It’s been a busy winter for Chicago White Sox general manager Rick Hahn, but after a flurry of moves, it may be time for him to rest a bit.
“I think for the most part, the heavy lifting for the offseason is done,” Hahn said Monday on “Chicago Tonight.”
The team has been rebuilding in earnest since late 2016 when the Sox traded pitcher Chris Sale for a number of prospects including current Sox star Yoan Moncada and potential future star Michael Kopech, among others. Many of the players the team is expecting will lead them into the new decade spent much of the past few years in the minor leagues.
Perhaps the most hyped piece of the Sox puzzle is rookie center fielder Luis Robert. The 22-year-old Cuban signed with the Sox in 2017, a deal that included a $26 million signing bonus. Earlier this month, after fewer than two full seasons in the minor leagues, Robert signed a six-year, $50 million contract with the team, which includes options for two more years, which could bring the total value to $88 million.
That may seem like a lot of money for an unproven talent, but Hahn calls it a calculated risk.
“Obviously we think the world of Luis, who’s one of the most highly regarded prospects in baseball and one of the most highly regarded prospects we’ve seen around here in a long time,” said Hahn. At three levels in the minors in 2019, Robert had a .328 batting average with a .376 on base percentage and a slugging percentage of .624. The potential is certainly there.
As for expectations in 2020, when Robert is expected to be the starting center fielder on the South Side?
“For a 22 year old kid … the sky’s the limit, but I think we have to be reasonable and realize it’s going to be a little bit of an acclimation process,” Hahn said.
The South Siders haven’t had a winning record since 2012. Now, with much of that young talent seemingly ready to blossom in the major leagues, the organization seems ready to try and get the team to the next level. In its first big offseason move, the Sox signed catcher Yasmani Grandal to a four-year, $73 million contract in November. While the team already has All-Star catcher James McCann on the roster, Hahn thought Grandal was too good to pass up.
“We saw a chance with Yaz to get a premium, premium performer at a premium position. The switch-hitting catcher who can beat you with his bat as well as with his ability to help the defense and help our young pitchers,” he said.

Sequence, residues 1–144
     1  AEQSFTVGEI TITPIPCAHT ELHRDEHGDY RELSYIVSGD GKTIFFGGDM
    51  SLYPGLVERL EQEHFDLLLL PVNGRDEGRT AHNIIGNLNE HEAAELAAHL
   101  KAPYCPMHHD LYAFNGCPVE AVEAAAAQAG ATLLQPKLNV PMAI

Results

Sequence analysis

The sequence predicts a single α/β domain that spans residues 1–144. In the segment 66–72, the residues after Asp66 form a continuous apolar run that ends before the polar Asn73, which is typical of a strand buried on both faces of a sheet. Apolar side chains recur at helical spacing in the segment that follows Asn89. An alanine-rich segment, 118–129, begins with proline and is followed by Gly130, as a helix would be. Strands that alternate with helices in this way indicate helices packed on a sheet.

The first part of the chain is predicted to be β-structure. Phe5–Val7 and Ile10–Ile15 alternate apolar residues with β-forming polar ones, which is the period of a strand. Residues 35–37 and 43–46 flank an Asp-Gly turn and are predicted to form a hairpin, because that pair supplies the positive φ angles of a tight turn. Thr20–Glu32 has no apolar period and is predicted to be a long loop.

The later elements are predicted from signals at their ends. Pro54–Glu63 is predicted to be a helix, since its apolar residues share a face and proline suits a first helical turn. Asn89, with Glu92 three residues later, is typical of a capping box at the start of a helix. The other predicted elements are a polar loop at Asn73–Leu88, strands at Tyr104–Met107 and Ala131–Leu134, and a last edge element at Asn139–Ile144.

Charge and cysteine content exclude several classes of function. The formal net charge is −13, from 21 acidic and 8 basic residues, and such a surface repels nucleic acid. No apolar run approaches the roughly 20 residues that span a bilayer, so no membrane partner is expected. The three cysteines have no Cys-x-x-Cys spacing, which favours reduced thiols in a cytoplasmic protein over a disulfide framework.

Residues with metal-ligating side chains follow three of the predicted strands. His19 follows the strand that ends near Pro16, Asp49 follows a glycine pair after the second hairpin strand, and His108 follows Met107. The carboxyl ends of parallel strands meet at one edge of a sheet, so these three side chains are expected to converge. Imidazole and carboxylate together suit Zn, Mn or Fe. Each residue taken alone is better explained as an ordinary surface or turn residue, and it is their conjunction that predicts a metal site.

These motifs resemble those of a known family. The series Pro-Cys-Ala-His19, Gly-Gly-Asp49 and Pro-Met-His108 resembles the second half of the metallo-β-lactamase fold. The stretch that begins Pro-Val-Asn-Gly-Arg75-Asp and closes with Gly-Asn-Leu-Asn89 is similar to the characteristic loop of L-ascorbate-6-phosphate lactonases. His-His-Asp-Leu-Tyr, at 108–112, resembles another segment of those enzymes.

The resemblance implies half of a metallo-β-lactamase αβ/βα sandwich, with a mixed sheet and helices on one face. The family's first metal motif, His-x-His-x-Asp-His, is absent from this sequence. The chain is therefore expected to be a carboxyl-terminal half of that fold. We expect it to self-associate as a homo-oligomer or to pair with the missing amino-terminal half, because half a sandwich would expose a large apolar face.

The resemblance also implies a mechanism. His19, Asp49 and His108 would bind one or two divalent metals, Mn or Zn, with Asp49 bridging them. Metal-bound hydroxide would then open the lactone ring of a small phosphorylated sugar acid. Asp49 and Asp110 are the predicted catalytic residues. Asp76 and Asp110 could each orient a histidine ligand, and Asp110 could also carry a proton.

Other pieces started falling in place as well. The team wanted a new right fielder; in comes 24-year-old Nomar Mazara, a highly touted prospect in the Texas Rangers system who already has four years of major league experience. He’s been seen as somewhat of a disappointment in Texas, but the Sox hope a change of scenery will help Mazara fulfill his potential.
Another priority: pitching. The Sox signed free agent Dallas Keuchel, a former Cy Young Award winner with postseason experience. Also joining the pitching staff is Gio Gonzalez, the kind of veteran the Sox expect to provide a solid arm as the young pitchers find their footing. Those youngsters include 2019 All-Star Lucas Giolito, who had a break-out season last year and Kopech, the hard-throwing 23-year-old right hander who is coming off elbow surgery (known as Tommy John surgery), and is expected to join the team sometime this season.
“He (Kopech) is coming to spring training like any other pitcher to compete,” said Hahn. “We’re looking forward to seeing him in camp and we’re going to come up with a plan shortly thereafter about when he will be back in the big leagues, but we expect he’s gonna spend the bulk if not all the season there.”
Another addition to the offense is 37-year-old designated hitter Edwin Encarnacion. One of the most feared sluggers in the game, Encarnacion has hit 30-plus home runs for eight straight seasons. He’ll complement a lineup that boasts future MVP candidate Moncada and reigning AL RBI leader and team stalwart Jose Abreu. Add 2019 American League batting champion, shortstop Tim Anderson, emerging star Eloy Jimenez and perhaps another prized prospect, second baseman Nick Madrigal, and the Sox may be putting together the makings of a contender.
So three years into the rebuild, what should fans expectations be on the field? Hahn says the team is still in the “middle stage” of the plan.
“How long this middle stage takes, we’re all gonna find out together. It could come quickly, it could happen over the course of the summer,” Hahn said Monday. “What we’re looking for from the front office is signs that this young core continues to takes steps forward, continues to grow, and that we are finally in a position to win on an annual basis.”